Jim Simons

For the most part, 2013 was not kind to Steve Cohen. The Feds put his balls in a jar and put that jar on Preet Bharara’s desk. One of his ex-employees went to trial for (and was later found guilty of) masterminding the “most lucrative insider trading scheme ever.” Other former traders helped bring the number of SAC alums indicted on securities fraud charges to nine. His genius idea to give out free hot dogs on the front lawn of SAC HQ failed to prevent a number of departures. He lost his biggest fan. For a lot of hedge fund managers, all of this would add up to moping around the office and turning in less than stellar work. For Steve Cohen, it meant turning up the Styx and getting down to business. Read more »

  • 01 Jul 2013 at 10:13 AM

Renaissance Technologies: Buy-And-Hold Investor

You can think of a margin loan as being like an option on the underlying security: if I lend you $50 (nonrecourse) against a $100 share of stock, and tomorrow the stock is worth $45, then you’ve lost $50 and I’ve lost $5, same as if I wrote you a $50 strike put option on the stock.1 This isn’t quite right – margin calls, etc. – but what it lacks in precision it gains in tax efficiency:

James H. Simons, who became a billionaire when he turned his extraordinary mathematical ability from defense work to investing, has deployed an unusual strategy at Renaissance Technologies LLC to skirt hundreds of millions of dollars in taxes for himself and other investors, said people with knowledge of the matter.

The Internal Revenue Service is challenging the technique, which it called “particularly aggressive,” without identifying the hedge fund in the dispute. … Renaissance’s strategy involved buying an instrument called a “basket option contract,” from banks including Barclays, the people said.

That’s from today’s wonderful Bloomberg article about the IRS’s investigation. Here’s the IRS memo about the trade. Here’s the trade.2 Actually wait: here’s the trade, twice. You can just read down the left side if you enjoy getting mad at evil tax-dodging hedge funds, or just read down the right side if you don’t want to believe that Jim Simons could ever get up to no good:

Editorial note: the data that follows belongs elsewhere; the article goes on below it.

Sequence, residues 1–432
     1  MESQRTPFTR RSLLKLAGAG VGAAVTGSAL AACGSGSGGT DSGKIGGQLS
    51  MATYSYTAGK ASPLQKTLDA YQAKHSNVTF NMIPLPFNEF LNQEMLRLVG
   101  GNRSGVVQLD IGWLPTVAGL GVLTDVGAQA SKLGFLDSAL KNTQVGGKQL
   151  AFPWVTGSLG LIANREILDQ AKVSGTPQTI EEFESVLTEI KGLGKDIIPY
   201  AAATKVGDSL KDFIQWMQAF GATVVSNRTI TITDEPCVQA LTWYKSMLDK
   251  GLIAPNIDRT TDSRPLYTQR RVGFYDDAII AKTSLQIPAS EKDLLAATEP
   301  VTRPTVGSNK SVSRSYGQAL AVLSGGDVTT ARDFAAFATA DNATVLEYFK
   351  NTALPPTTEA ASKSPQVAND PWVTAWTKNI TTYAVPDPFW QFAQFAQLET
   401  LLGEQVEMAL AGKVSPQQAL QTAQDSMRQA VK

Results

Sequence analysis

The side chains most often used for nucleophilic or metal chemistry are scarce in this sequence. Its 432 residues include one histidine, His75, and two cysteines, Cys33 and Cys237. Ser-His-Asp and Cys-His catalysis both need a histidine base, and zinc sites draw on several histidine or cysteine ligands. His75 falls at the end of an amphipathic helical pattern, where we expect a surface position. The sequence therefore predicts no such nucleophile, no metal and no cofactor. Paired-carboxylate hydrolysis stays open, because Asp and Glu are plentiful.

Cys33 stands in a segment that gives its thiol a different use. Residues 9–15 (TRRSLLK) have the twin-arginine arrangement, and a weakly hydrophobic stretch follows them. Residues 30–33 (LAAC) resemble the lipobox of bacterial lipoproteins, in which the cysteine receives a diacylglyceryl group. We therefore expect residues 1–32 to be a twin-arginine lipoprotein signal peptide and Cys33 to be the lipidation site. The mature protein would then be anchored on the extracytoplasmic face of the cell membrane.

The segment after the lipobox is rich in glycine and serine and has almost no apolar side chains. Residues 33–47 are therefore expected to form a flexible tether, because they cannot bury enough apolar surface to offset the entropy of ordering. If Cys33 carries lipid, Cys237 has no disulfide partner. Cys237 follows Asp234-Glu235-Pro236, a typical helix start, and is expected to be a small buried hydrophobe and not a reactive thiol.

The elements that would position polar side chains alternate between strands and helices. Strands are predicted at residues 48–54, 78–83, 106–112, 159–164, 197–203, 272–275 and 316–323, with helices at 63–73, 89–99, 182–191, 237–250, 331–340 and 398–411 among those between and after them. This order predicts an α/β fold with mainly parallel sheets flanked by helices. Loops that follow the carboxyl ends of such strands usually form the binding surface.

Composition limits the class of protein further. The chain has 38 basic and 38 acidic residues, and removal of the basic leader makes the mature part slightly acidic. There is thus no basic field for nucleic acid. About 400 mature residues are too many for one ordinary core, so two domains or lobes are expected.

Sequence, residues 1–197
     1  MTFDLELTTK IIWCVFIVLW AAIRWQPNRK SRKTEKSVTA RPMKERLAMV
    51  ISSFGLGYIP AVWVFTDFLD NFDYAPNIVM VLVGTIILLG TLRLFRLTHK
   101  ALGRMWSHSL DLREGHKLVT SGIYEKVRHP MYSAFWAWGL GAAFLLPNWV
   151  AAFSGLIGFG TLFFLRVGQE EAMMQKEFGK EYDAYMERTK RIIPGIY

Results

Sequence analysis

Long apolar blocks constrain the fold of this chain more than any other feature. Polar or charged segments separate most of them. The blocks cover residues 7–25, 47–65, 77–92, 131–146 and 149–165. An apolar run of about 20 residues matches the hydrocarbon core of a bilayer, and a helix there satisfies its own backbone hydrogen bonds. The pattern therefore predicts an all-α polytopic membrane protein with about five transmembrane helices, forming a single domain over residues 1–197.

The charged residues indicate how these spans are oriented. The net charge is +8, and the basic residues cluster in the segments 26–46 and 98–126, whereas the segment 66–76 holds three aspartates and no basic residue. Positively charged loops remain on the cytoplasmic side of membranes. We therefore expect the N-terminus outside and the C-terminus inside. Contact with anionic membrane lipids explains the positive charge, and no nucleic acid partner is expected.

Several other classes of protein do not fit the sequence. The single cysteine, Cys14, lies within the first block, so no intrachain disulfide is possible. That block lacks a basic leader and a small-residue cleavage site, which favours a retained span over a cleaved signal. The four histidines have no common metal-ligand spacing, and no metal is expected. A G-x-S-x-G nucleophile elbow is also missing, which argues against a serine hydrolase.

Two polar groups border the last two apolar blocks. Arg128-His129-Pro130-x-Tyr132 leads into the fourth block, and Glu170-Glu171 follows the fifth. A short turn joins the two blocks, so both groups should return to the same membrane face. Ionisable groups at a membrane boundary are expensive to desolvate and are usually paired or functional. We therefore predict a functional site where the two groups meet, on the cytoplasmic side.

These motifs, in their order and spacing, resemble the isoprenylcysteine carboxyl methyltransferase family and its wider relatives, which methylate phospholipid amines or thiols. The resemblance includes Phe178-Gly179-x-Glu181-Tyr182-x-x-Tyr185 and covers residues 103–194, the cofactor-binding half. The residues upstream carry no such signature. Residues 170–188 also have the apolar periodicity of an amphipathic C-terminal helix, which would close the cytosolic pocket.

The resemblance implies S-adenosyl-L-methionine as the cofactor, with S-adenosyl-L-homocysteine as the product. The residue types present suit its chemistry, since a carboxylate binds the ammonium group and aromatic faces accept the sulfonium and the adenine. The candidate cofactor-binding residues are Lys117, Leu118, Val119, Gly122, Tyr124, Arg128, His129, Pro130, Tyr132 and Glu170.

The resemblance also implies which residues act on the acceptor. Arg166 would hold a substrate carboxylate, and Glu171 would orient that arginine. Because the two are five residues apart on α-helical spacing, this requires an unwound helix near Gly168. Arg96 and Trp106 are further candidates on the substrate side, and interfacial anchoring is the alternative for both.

Read more »

Overtime that was not for naught! Thanks to labor laws protecting LBBs, Tepper took home $2.2 billion last year. Other people who made some money in 2012: Read more »

  • 26 Feb 2013 at 11:51 AM

Steve Cohen Did Pretty Well For Himself Last Year

The end of 2012 might’ve been a tough one for the SAC Capital founder, what with the matter of a former employee being accused of orchestrating “the most lucrative insider trading scheme ever,” being referenced in the complaint as Portfolio Manager A, and ultimately being forced to show the softer side of Steve but the Big Guy still managed to take home $1.3 billion, so he’s got that going for him. Other people who made a respectable amount of money include highest earning hedge fund manager David Tepper, with $2.2 billion, Carl Icahn at $1.9 billion, and retired person James Simons, who didn’t have to lift a finger for his $1.9 billion. [Forbes]

  • 02 Jul 2012 at 4:31 PM

So This Exists


[Related?]

Something we’ve long-maintained around the Dealbreaker office is that hedge fund manager Jim Simons would make a great fairy godmother, what with his soothing voice, white beard, and the fact that he’s really just a lovable math teacher who happened to make a zillion dollars by tinkering away the computers in his garage and would be happy to lend the powers of his magic cigarette wand to those in need.  So we were extremely pleased to see our fantasy brought to life by way of an anecdote from Scott Patterson’s new book Dark Pools, in which Simons seems to appear out of nowhere, just like a FGM would, sprinkles unexpected gifts on a young man and woman (of both hope* and nicotine), and then disappears as quickly as he came via golden carriage. (We also appreciate that Simons is the kind of FGM that will laugh in your face as you explain to him what a quant fund is, not realizing you’re talking to a guy who’s got some experience there.) Read more »

In 2010, the 10 best paid hedge fund managers made a combined $17.53 billion. To score a place on the list, you had to earn at least $440 million. 2011? The group took home a collective pool of $10.15 billion (down 42 percent) and a mere $210 million got you access to the VIP lounge. So, lots to reflect on today re: how game can be upped this year, whether it’s by coming into work and acting like you actually want it, increasing fees to 5&75, or passing the on the burden of staff salaries to investors. Something else to think about? The fact that Uncle Jim Simons beat all you fools for a second place finish and technically doesn’t even have a job. (Bridgewater Mentor Ray Dalio also did okay for himself.) Read more »

Dear Tudor, RenTec Investors

January performance. Read more »